At just six years old, Jane Blasio learned that she and her sister were adopted. “It’s like that moment was burned into me,” the private investigator told People. She believed that until her decades-long search to find her birth parents uncovered a shocking secret. Blasio wasn’t adopted – she was one of the hundreds of “Hicks Babies” who were sold by Dr. Thomas Hicks out of his clinic in McCaysville, Georgia, during the 1950s and 1960s.
Beginning her search as a teen, Blasio was finally told the truth by her father when she was 23 after her mother’s dying request that Blasio be told everything about what happened. “My father knew [that Hicks’ actions were illegal], but my mother just wanted a baby and didn’t want to know anything, so my dad was going to do whatever would make her happy,” she wrote in her memoir, “Taken At Birth.”
Jane Blasio: “My Parents Bought A Child”
“My parents bought a child in a way that gave me no option but to search and possibly find no answers,” she continued. “That’s not love, that’s desperation.” As part of her efforts to fully expose Hicks and give the children he sold closure, Jane Blasio founded the McCaysville Lost and Found where Hicks’ victims can share their stories, get counseling, and “extensive genealogy builds” to find their true relatives.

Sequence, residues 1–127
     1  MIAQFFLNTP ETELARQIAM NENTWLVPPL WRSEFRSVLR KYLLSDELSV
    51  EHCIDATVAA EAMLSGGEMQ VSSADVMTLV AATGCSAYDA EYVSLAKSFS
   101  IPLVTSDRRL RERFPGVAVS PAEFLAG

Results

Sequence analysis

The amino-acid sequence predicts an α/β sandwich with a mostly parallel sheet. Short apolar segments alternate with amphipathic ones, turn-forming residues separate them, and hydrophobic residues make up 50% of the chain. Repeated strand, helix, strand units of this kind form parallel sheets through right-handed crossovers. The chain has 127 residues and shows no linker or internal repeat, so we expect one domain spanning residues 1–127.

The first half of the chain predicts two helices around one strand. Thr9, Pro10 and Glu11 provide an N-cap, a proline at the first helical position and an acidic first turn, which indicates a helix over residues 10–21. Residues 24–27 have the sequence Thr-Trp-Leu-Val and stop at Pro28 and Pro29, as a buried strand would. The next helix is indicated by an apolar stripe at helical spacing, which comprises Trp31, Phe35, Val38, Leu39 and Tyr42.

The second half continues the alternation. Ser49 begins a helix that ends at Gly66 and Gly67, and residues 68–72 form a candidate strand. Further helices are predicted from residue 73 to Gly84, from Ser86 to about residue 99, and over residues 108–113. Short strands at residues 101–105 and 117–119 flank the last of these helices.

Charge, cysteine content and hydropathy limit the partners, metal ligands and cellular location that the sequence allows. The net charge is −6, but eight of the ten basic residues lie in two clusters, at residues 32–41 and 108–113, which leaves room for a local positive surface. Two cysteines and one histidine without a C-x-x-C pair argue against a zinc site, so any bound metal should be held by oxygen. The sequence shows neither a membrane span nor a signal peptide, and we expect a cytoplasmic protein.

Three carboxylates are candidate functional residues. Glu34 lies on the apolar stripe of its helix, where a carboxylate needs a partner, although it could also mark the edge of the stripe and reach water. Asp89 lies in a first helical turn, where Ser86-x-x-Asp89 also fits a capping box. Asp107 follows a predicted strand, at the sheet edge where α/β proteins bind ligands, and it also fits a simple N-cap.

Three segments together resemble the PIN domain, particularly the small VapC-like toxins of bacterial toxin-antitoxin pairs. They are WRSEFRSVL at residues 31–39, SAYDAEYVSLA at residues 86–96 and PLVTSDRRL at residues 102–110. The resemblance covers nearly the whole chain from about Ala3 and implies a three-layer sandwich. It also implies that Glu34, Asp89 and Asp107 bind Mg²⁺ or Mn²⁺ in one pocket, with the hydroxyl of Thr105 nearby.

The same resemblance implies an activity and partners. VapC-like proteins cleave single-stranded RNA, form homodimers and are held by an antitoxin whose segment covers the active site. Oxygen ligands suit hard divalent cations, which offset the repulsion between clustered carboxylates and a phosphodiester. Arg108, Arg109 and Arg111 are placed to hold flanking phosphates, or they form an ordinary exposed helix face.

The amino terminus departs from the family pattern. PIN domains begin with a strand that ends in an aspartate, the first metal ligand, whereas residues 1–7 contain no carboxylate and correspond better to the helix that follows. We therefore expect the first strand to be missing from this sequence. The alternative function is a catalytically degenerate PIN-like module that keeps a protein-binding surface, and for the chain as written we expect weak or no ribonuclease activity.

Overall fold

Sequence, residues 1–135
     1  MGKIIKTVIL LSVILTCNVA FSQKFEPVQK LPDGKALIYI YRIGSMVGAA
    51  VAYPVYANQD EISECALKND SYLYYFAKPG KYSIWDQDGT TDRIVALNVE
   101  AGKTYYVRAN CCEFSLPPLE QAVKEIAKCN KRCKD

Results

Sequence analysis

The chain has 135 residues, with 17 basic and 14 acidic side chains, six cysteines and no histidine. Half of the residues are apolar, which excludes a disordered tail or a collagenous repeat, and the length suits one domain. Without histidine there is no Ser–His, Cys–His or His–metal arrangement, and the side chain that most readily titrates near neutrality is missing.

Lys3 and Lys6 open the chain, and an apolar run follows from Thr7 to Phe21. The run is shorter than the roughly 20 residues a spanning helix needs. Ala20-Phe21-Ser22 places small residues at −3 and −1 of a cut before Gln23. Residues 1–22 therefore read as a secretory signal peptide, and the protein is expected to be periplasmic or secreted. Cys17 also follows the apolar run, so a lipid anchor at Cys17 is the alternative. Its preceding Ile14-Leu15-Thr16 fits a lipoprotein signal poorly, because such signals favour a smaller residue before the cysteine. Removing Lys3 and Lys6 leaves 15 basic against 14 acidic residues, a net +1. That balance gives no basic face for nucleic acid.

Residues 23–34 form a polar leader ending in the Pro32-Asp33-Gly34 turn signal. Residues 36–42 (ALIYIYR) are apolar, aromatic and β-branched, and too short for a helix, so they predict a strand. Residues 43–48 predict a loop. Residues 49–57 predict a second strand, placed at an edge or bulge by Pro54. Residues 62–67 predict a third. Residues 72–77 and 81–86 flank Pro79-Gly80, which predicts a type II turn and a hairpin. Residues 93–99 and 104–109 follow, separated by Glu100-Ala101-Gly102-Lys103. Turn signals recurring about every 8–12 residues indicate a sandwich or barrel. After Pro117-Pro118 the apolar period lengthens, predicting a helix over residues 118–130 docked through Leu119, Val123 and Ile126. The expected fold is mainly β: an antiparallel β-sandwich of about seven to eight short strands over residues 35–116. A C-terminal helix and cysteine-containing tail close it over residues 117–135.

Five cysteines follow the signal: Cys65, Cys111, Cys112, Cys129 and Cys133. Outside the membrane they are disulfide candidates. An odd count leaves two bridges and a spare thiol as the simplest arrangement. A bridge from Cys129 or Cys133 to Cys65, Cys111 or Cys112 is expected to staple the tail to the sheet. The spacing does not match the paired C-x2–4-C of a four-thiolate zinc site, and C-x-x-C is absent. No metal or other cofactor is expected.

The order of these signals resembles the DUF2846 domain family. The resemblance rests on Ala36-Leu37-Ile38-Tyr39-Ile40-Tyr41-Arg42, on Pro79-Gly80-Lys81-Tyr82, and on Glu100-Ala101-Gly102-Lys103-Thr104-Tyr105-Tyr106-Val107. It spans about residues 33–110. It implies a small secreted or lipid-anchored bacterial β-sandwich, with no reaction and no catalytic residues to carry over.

“McCaysville Lost and Found serves as search facilitation and provides a support touchpoint for Hicks Babies and families in the beginning, amidst, or completed their birth quest,” the site reads. In 2019, one of Hicks’ victims, John Stapleton, praised Blasio for her tireless pursuit of the truth. “[Jane] has been fighting for me and for all of us for years,” the retired Army vet told the New York Post. “And she has never given up.”
Stapleton also suggests Hicks may have started with good intentions, but money corrupted any good he believed he was doing. “I know abortion was illegal at the time, and then I think he was running into people who couldn’t afford adoptions,” he continued. “I think, at first, it was under the table, and then he had seen there was money involved. It turned into a business. [But] I don’t think it initially started that way.” He added, “Honestly, I am grateful for the life I have had. I would be afraid to change anything.”